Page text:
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¡Adelante Minnesota!

Adelante is a special word. It has many meanings. It can mean forward progress and movement or be used as a cry of victory or direction. Minnesotan Latinos are a well established, diverse, complex and growing community in the state. MPR News will be elevating Latino voices over the next five months, reporting on community issues. ¡Adelante Minnesota!

For some Minnesota Latinos, the future is filled with cautious hope

Absentee voting for non-English dominant speakers proves fraught.
A truck outside the nonprofit COPAL office bears the message, "The Latino vote is powerful."
Kathryn Styer Martinez | MPR News 2020

Latino voters were wildly misunderstood in the 2020 presidential election. Pollsters and pundits who spoke of a Latino “bloc” that would vote reflexively for Democrats came to discover it did not exist.

Latino voters chose President Donald Trump in numbers higher than experts expected. In Minnesota, where Latinos are a growing political force, exit poll data analyzed by the Washington Post put that vote at 38 percent for Trump, greater than the 33 percent he received nationally.

The election laid bare what the Latino community already knew: Their identity, experiences and concerns are not the same. 

Read the full story here.

‘Sí se puede’: Minnesota’s fast-growing Latino community is layered and complex

Latinos in Minnesota are a diverse and growing community. Recent estimates from the U.S.

A woman in a spotted shirt looks above the camera.
Patricia Conde Brooks inside of the Anderson Student Center at the University of St. Thomas in St. Paul on Jan. 8.
Evan Frost | MPR News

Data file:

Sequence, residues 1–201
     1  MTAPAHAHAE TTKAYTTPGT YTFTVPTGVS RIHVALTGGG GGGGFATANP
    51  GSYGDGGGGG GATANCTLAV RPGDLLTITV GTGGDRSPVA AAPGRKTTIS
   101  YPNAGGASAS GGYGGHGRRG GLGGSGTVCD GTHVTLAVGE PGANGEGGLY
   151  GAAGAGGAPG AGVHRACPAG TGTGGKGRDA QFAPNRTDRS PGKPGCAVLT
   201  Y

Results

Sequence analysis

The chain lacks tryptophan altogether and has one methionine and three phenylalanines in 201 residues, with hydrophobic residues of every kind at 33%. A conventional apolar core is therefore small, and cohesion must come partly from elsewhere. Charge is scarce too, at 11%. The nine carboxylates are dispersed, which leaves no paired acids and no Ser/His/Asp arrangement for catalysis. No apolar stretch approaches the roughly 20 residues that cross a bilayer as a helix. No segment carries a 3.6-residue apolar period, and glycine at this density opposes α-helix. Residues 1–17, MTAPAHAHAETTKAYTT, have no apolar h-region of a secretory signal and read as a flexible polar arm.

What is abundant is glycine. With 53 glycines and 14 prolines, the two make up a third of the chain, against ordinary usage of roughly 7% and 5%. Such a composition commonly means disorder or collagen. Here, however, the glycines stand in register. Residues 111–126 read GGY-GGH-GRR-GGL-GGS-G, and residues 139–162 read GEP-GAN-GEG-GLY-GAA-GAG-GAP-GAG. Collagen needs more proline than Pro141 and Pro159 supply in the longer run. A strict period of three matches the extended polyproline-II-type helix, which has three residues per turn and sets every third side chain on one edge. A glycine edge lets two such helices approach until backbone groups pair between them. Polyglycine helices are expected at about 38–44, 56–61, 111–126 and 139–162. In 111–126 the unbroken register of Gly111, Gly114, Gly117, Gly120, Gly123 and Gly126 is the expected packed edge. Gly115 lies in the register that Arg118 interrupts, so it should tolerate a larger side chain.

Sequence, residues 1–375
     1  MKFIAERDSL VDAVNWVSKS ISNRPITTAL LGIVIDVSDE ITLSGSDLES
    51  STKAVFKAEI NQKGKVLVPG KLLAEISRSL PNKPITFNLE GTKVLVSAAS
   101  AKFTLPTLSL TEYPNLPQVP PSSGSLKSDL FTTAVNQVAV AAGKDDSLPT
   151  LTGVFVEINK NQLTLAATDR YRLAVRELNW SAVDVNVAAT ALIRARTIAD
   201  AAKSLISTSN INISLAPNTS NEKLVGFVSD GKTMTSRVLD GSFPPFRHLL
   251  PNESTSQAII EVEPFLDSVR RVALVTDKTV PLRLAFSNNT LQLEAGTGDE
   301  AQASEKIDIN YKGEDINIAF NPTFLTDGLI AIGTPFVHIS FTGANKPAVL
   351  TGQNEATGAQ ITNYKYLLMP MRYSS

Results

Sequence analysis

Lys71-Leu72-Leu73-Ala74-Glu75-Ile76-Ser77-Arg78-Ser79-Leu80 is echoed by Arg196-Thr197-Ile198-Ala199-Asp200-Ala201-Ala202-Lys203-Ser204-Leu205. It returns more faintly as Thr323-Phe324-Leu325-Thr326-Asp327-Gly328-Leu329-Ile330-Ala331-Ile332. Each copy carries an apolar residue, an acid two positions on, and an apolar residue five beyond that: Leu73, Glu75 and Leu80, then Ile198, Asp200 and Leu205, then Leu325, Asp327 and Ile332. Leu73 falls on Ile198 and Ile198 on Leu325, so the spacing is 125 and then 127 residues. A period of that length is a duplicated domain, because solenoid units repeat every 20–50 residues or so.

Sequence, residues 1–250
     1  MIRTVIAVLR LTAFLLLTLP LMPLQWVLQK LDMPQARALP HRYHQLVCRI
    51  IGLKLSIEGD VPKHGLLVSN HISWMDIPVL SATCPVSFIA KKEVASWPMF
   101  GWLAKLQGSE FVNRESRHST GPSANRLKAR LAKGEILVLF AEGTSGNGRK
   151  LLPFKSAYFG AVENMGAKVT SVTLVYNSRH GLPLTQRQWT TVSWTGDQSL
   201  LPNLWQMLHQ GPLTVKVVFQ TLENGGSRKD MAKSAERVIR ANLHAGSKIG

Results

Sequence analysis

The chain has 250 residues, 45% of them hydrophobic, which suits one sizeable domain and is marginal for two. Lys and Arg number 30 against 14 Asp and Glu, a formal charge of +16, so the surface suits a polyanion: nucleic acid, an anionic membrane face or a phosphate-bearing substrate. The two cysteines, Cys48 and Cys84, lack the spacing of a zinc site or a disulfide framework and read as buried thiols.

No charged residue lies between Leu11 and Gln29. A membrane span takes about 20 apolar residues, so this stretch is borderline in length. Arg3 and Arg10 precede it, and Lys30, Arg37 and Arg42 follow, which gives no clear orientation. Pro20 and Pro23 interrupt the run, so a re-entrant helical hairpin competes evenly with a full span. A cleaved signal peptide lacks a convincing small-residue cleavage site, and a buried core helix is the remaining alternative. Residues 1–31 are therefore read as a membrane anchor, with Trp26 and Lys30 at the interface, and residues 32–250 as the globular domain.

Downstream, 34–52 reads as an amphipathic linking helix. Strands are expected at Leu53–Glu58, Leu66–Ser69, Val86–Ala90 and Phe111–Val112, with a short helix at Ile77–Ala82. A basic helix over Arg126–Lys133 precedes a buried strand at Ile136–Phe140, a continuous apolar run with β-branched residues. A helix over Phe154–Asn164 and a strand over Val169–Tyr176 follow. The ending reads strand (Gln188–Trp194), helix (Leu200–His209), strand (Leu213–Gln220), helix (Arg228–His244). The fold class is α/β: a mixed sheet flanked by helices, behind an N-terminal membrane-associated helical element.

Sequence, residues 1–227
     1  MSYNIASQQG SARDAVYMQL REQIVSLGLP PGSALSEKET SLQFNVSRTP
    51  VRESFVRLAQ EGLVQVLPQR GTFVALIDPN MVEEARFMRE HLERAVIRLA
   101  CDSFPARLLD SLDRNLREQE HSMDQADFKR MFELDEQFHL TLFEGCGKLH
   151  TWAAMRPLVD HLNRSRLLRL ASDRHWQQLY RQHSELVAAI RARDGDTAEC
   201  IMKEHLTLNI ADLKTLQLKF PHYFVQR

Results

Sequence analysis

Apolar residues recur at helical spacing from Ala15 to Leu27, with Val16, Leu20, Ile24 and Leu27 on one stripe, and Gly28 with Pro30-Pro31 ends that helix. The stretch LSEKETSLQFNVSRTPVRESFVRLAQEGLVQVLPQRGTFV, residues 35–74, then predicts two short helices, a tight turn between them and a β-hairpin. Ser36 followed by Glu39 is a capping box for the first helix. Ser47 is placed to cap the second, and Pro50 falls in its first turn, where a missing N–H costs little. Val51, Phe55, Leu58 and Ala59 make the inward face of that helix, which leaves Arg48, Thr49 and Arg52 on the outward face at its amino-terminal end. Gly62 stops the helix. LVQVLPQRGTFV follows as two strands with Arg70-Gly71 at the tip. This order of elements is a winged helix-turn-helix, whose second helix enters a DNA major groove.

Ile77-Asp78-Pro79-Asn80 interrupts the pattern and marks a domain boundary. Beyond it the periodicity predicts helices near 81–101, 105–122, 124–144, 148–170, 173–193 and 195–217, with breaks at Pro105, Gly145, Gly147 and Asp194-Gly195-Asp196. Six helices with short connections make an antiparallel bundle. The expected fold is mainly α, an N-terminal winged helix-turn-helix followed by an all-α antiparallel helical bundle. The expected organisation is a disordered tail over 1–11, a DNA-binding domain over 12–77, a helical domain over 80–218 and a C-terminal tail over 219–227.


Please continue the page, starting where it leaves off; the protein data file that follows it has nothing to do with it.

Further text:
Census Bureau shows the community is about 300,000 — more than six times the size just three decades ago. Patricia Conde-Brooks is part of that growing community. Now that she’s been in the country for 45 years, she said conversations about Latino issues seem to be stuck on repeat. Not all Latinos are new immigrants, and they are passionate about issues that go beyond immigration policy. 

“We are more than that,” she said. “I think that's what we need to start changing, that rhetoric, that that's all we care about.”

Read the full story here.

Latino small business stay resilient through a ‘pandemic year’

four people sit in a room
Marina Corona (left) and Carlos Garcia (center left) write their information for Aaron Blythe from the Latino Economic Development Center on Feb. 27.
Kathryn Styer Martinez | MPR News

Small businesses have never had it easy and over the past year, things got a lot harder — especially for the Latino business community. Now, one year into pandemic-related restrictions, some resilient small businesses are starting to look to the future.

COVID-19 hit the community hard, said Rodolfo Gutierrez, executive director of the Latino research organization HACER and co-author of a recent study with the University of Minnesota examining the impact of the pandemic on the Latino business community.

“The largest effect was felt among restaurants and businesses very similar to them,” and businesses outside the Twin Cities metro had an even harder go of it, Gutierrez said, adding that the Latino community is resilient.

Read the full story here.

Latina entrepreneurs find a space online to thrive in pandemic

A woman stands in front of a wall of accessories.
Amaury Vidales holds a shirt with a number so viewers of her "Amaury's Accessories" livestream can comment and purchase the shirt through Facebook Live inside of her Eden Prairie home on March 10.
Evan Frost | MPR News

Facebook Live boutique events provide needed income for entrepreneurs and create a virtual space for community members to come together in an isolated world. One Minnesota entrepreneur is among those finding success.

Between the spontaneous bidding wars, music and banter with customers, Amaury Vidales creates a shopping experience on her Facebook page, Amaury Accessorios, that is a mix of buzzing zocalos found in the centers of Mexican cities, bustling open-air tianguis where shoppers can find all manner of items and an artisan handmade crafts fair.

Vidales, 47, represents a new kind of entrepreneur, someone who’s built a following online for experiences that have become scarce during the COVID-19 pandemic. In the process, she’s created an online space for community members to come together in an isolated world.